Biography and History

William S. Dix served as Princeton's University Librarian from 1953 until his retirement in 1975, at which time he was named Librarian Emeritus. Despite the demands of directing one of the nation's leading research libraries for over 20 years, Dix remained an active figure in the world of libraries up until his death in 1978.

Born in 1910 in Winchester, VA, William S. Dix received Bachelor's and Master's degrees from the University of Virginia, and in 1946, a PhD in American literature from the University of Chicago. Prior to his appointment as Princeton's University Librarian in 1953, he had been a professor and librarian at the Rice Institute (now known as Rice University).

William S. Dix's dedication to his field was manifested in the astounding number of professional activities in which he took part outside of his position at Princeton. Dix was a lifetime member of the American Library Association, serving as chairman of the Intellectual Freedom Committee (1951-1953), chairman of the International Relations Committee (1955-1960), First Vice-President (1968), and President-Elect (1969). Dix's commitment to the Association of Research Libraries was equally weighty, including terms as Executive Secretary (1957-1959) and President (1962-1963). Dix was also chairman of the Association of Research Libraries' Shared Cataloging Committee, where he was instrumental in shaping the Library of Congress' international program of centralized cataloguing, going so far as to testify before congressional committees in 1965 and 1967 on the benefits of such a program.

William S. Dix's involvement in library affairs was not limited by national borders. From 1955 to 1961 he was a member of the United States National Commission for the United Nations Education, Scientific and Cultural Organization (UNESCO), and during this time he acted as a delegate to a number of international library conferences. Later, in 1967-1969, Dix was called upon by Secretary of State Dean Rusk to serve on the U.S. State Department's Advisory Committee on International Book and Library Programs.

As Princeton's University Librarian, Dix was often called upon as a consultant by other institutions and organizations. Among those to whom Dix acted as an advisor were Rutgers Library School, Duke University Library, Harvard University Library, the New Jersey Library Association, and the Academic Freedom Committee of the American Civil Liberties Union.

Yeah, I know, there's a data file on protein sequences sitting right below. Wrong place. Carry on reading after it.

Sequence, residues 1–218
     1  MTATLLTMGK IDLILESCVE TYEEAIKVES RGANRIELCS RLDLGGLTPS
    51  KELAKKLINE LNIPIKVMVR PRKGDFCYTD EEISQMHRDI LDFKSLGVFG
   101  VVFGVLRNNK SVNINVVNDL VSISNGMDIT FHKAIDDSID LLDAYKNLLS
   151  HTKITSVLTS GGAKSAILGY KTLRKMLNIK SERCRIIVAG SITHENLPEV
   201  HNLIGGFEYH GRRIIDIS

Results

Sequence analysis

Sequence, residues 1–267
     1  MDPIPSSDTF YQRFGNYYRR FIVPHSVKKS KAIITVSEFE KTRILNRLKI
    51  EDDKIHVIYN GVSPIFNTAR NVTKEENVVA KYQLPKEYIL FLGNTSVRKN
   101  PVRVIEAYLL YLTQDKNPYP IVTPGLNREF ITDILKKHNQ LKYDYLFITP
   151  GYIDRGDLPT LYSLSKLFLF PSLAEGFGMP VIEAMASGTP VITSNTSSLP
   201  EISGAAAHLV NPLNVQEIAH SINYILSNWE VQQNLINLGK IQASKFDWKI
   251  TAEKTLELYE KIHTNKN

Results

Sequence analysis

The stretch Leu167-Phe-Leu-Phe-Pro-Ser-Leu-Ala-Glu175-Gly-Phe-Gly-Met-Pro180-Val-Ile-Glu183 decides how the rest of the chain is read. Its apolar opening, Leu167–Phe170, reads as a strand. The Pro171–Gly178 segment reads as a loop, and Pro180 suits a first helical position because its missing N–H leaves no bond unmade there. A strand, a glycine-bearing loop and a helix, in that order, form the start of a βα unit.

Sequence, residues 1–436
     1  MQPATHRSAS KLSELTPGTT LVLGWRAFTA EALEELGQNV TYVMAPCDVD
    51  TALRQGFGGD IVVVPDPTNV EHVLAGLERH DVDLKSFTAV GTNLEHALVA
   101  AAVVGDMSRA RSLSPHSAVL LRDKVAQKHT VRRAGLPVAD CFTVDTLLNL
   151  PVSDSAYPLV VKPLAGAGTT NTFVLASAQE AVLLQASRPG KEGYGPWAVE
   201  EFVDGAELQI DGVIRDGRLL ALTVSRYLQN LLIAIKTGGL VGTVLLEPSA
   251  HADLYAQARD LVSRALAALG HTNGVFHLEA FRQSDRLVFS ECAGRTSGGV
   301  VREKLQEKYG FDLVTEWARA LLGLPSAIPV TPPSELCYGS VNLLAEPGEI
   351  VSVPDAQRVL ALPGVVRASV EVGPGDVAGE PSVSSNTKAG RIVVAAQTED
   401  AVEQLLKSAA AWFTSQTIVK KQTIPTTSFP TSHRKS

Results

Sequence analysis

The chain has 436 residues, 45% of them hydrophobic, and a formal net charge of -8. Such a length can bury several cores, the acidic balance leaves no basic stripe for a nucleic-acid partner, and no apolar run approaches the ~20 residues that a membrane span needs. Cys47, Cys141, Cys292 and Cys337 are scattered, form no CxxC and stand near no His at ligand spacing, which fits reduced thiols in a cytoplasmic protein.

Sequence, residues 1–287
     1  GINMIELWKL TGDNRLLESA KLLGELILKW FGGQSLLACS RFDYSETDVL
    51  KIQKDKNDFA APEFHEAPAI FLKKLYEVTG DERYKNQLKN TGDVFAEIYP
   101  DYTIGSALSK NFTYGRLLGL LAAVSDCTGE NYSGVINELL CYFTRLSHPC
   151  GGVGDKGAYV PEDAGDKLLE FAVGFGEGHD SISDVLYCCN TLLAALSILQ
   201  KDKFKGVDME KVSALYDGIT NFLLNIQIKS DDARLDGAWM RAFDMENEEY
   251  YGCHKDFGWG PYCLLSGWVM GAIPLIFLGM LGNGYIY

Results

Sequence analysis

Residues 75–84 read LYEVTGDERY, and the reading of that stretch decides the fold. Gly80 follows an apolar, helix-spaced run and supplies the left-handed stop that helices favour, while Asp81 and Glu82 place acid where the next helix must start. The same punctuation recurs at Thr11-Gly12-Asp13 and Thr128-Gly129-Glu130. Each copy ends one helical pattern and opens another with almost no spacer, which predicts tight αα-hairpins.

Dix died in 1978 while still a member of the Library of Congress' National Commission on New Technological Uses of Copyrighted Works (CONTU), a forward thinking organization whose mission was to explore the impact of photocopying, software, and electronic access upon copyrighted works. The CONTU final report, published shortly after Dix's death, became the basis for section 117 of the United States Copyright Act governing computer programs and software.

Source: From the finding aid for AC236

  • Princeton University Library Records. 1734-2015 (inclusive), 1952-1995 (bulk).

    Call Number: AC123

    The Princeton University Library is one of the foremost university libraries in the world. With collections totaling over 12 million volumes, manuscripts, and nonprint items spread across fifteen buildings, the Princeton University Library system serves not only the Princeton University community but the world at large. The Princeton University Library Records consist of the files of the University Librarian and other Library administrators and departments, as well as of the Friends of the Princeton University Library. Materials in the record group include correspondence, reports, publications, clippings, minutes, press releases, proposals, statistics, photographs and other audiovisual materials, and microfilm. The records document the Library's day-to-day operations as well as its involvement with other departments on campus, other college and university libraries, and library users.

  • Consortium for Assistance to the University of Petroleum and Minerals records. 1972-1985 (inclusive).

    Call Number: AC232

    The Consortium for Assistance to the University of Petroleum and Minerals was organized in 1971 by Princeton University. The records consist of financial materials, reports, meeting agendas and minutes, correspondence, and a copy of the Consortium agreement.

  • William S. Dix Papers. 1955-1978 (inclusive).

    Call Number: AC236

    William S. Dix was Princeton's University Librarian (1953-1975) and a prominent spokesperson for librarians worldwide. The William S. Dix papers contain correspondence, reports, articles, and other materials documenting Dix's many professional interests and activities outside of his position at Princeton.

  • William S. Dix Papers. 1955-1978 (inclusive).

    Call Number: AC236

    William S. Dix was Princeton's University Librarian (1953-1975) and a prominent spokesperson for librarians worldwide. The William S. Dix papers contain correspondence, reports, articles, and other materials documenting Dix's many professional interests and activities outside of his position at Princeton.